How much do you know about dyslexia? If I told you that many of history’s most dynamic achievers were dyslexics would you believe me?
Steve Jobs, Thomas Edison, Albert Einstein, Alexander Graham Bell – each of these game-changers were dyslexics. In fact, 40 per cent of the world’s self-made millionaires have dyslexia. Still think of it as a disadvantage?
I was in London last month to open ‘the world’s first dyslexia sperm bank’ – an initiative championed by a cause close to my heart, Made By Dyslexia. On the back of the launch, I sat down with the campaign’s founder, Kate Griggs, and the founder of Finsbury, Roland Rudd – two fellow dyslexics – for a conversation about our experience with the advantage some people still call a ‘learning disability’. Listen to the podcast.
Unlike Kate Griggs and Roland Rudd I didn’t attend a school that catered to my way of thinking. When I was a child no one really knew what it was; you were bright, middle of the class or stupid. I was typecast as the latter: lazy and dumb. I would sit at the back of the class, trying to make sense of the chalkboard, which was always very much a jumble to me. I couldn’t keep up and didn’t fit in, so I left school aged 15.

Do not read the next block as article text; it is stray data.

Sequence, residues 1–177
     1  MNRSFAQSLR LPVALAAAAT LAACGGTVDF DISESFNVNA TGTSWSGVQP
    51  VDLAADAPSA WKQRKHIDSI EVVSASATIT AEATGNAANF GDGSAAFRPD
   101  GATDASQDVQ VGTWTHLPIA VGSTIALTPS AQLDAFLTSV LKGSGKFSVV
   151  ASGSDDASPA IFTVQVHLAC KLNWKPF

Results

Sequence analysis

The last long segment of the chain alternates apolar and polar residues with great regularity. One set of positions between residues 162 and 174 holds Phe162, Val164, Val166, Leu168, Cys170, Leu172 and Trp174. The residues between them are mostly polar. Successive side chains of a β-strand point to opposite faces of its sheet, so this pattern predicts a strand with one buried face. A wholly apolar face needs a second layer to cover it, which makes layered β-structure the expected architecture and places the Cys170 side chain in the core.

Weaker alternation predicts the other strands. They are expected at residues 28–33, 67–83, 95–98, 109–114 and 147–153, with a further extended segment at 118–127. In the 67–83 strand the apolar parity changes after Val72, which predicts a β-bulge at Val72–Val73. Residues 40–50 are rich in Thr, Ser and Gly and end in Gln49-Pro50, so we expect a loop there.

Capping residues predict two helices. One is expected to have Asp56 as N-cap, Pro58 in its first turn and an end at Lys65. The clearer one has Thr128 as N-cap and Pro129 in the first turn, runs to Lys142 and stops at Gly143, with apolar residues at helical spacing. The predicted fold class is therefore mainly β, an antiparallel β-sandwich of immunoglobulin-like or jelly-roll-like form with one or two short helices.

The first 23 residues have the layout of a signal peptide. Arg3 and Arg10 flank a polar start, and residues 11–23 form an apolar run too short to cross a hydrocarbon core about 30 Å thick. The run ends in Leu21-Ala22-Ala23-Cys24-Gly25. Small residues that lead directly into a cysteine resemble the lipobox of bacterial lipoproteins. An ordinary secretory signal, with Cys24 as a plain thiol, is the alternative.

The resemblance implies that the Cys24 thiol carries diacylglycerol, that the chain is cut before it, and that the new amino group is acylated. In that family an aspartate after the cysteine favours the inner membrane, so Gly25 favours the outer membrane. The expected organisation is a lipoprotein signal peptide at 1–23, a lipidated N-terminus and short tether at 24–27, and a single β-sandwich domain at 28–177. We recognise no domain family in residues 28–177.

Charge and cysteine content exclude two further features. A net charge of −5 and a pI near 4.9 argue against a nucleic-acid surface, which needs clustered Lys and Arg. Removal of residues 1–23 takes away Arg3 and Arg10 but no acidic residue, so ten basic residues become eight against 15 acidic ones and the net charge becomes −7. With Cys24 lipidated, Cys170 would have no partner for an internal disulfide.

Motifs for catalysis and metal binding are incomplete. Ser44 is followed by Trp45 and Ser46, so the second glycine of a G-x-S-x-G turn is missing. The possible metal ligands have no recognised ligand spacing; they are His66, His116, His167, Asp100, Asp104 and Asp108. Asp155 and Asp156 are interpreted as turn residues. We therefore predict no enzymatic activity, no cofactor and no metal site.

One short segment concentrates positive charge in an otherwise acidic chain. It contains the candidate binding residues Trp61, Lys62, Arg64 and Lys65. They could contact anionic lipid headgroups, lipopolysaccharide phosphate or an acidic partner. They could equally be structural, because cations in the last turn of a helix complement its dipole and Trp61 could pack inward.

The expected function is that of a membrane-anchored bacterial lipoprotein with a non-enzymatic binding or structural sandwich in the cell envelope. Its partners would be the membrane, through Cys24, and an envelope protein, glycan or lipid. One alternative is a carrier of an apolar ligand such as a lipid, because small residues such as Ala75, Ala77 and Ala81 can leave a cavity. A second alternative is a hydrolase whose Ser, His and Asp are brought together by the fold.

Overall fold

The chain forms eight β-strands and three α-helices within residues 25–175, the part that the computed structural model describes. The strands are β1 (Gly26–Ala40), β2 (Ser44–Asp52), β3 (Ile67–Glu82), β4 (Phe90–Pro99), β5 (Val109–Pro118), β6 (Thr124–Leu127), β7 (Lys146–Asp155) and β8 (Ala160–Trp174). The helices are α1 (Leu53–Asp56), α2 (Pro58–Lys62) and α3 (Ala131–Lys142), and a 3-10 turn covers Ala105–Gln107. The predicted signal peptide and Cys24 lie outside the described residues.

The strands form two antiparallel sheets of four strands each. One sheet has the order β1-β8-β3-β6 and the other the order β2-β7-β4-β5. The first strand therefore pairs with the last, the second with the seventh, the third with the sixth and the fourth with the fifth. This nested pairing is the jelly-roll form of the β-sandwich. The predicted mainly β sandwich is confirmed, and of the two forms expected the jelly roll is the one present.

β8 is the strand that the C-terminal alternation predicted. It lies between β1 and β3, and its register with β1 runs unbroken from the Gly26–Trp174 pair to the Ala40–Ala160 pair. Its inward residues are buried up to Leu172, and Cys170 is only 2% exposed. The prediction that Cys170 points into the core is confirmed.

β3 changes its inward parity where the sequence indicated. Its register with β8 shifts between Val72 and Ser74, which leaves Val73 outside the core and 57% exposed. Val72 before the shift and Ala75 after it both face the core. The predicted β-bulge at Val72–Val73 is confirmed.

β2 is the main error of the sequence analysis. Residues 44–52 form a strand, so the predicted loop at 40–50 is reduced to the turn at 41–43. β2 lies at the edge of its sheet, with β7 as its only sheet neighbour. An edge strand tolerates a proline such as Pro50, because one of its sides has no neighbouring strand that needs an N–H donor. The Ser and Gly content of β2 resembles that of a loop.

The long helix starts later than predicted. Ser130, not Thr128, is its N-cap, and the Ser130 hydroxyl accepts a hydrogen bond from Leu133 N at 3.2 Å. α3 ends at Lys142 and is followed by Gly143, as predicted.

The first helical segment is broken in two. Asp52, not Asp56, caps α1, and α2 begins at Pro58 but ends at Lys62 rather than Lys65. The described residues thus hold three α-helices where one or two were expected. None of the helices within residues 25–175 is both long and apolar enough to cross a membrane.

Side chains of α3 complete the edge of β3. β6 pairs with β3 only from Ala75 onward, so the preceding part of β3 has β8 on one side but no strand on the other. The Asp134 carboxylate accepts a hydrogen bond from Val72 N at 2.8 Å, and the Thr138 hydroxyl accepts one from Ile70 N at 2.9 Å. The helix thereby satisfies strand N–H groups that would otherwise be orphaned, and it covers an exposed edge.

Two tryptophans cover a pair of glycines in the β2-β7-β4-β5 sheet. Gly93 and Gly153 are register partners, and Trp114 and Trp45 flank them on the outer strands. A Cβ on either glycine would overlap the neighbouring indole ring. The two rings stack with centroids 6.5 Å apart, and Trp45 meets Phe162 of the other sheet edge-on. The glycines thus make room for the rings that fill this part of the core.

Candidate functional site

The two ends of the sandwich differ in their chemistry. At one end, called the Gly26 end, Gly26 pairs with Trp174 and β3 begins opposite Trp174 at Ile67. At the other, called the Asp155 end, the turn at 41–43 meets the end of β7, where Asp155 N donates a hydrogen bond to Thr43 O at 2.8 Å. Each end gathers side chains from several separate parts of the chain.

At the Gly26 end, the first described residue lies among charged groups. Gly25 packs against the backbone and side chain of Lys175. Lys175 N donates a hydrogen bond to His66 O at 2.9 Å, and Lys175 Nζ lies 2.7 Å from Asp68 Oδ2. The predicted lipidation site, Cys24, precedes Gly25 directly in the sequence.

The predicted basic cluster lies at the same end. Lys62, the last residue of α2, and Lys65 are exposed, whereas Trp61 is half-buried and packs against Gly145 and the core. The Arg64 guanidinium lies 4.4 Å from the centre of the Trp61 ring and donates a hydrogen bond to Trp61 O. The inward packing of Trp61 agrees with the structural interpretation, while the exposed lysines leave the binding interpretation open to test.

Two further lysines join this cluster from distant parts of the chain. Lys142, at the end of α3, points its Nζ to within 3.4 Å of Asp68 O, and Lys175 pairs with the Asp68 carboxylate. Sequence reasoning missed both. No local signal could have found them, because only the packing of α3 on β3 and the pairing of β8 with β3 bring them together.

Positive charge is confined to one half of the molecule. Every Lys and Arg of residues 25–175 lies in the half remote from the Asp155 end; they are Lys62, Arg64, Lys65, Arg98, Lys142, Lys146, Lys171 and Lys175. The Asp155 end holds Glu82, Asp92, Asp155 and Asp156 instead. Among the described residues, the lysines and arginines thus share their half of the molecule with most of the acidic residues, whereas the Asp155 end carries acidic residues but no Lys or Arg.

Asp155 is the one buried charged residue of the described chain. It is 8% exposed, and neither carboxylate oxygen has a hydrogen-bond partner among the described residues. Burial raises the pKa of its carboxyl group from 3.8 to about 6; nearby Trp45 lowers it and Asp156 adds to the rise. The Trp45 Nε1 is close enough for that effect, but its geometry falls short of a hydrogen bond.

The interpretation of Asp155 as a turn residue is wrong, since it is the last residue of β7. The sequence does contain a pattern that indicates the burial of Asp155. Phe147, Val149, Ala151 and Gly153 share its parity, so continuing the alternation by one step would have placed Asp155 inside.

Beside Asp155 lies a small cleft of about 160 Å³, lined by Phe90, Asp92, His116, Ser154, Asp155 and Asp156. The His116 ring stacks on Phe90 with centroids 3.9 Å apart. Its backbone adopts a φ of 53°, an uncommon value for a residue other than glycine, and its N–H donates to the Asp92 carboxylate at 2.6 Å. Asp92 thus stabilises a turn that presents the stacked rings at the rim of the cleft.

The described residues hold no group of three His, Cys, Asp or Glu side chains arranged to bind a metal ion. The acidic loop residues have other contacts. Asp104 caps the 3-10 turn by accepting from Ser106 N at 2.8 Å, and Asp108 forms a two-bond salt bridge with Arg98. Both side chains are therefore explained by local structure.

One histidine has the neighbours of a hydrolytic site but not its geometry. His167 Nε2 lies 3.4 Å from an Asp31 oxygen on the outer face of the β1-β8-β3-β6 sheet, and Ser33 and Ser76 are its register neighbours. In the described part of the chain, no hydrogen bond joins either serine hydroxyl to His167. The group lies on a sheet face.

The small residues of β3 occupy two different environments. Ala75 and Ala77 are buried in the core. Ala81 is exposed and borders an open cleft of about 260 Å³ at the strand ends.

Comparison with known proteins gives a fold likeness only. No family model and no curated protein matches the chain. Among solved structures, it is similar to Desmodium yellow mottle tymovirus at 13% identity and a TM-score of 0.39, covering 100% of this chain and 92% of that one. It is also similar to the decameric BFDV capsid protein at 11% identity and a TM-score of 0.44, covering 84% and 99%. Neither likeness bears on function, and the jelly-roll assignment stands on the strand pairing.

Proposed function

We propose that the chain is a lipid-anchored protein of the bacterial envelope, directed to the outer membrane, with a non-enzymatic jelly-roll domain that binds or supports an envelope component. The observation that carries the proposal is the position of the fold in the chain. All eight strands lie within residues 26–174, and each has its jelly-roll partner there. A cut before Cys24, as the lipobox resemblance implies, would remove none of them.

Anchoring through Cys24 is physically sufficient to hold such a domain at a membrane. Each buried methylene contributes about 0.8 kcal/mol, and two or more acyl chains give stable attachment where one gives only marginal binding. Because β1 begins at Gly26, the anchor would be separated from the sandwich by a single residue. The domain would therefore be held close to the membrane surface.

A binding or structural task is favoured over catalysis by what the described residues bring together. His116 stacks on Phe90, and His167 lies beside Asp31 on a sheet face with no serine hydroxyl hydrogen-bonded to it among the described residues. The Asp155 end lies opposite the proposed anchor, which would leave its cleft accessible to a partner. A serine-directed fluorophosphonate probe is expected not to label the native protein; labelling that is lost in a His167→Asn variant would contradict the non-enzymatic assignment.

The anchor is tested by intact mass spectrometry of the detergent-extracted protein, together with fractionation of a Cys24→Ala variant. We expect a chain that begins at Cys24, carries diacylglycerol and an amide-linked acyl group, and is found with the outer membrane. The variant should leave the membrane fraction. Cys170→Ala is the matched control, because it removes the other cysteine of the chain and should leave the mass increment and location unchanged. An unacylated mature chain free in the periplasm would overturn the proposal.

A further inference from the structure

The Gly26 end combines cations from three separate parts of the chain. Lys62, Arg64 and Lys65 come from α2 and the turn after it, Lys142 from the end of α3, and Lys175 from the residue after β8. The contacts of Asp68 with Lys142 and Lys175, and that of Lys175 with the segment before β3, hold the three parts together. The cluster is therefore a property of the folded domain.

And it was the best thing I ever did. Trading in strict school curriculum to focus on my passion – which, at the time, was starting a magazine called Student that was centred on giving young people a voice – I began my real education. Freed from entrenched systematic practices and allowed to think for myself, my brain opened up and so did my world.
I’m not saying that leaving school is alwaysthe answer – we’ve come such a long way since then. However, today a third of dyslexic children openly admit to feeling as if they have been left behind by conventional education. Making it very obvious that it’s time to rethink education across the board, and not just in specialist schools.
All schools should be encouraging all students, not just dyslexics, to put their energy behind what they are good at. Success comes much easier and more rewarding to those that focus on their passions.
We need to train teachers in identifying students’ strengths, as well as their weaknesses, so that they can teach in a way that caters to people, not textbooks and curriculum.
Dyslexia is not a disadvantage, it's a different way of thinking. If dyslexics get the support they need early on, they can achieve extraordinary things. One in 10 people in the UK have dyslexia – that is over six million people. Just imagine the difference we could make if every one of these people were encouraged to achieve their potential and strive to make their dreams a reality.
Have we challenged your perception of dyslexia? If given the choice, would you want your child to be dyslexic? We’d love to hear you thoughts, or about your experience, in the comments below.